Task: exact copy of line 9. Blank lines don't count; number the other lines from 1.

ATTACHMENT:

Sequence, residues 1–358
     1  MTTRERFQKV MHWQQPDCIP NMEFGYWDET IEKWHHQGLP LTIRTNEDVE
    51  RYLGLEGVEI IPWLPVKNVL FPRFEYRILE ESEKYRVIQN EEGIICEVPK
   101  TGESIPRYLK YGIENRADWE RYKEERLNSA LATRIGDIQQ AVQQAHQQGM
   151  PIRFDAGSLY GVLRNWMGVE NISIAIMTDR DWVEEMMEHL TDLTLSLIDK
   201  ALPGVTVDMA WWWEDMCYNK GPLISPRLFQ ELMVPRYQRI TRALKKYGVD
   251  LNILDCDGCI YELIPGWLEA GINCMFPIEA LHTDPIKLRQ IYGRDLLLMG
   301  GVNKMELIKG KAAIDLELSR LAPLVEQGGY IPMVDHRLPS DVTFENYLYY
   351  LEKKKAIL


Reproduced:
   351  LEKKKAIL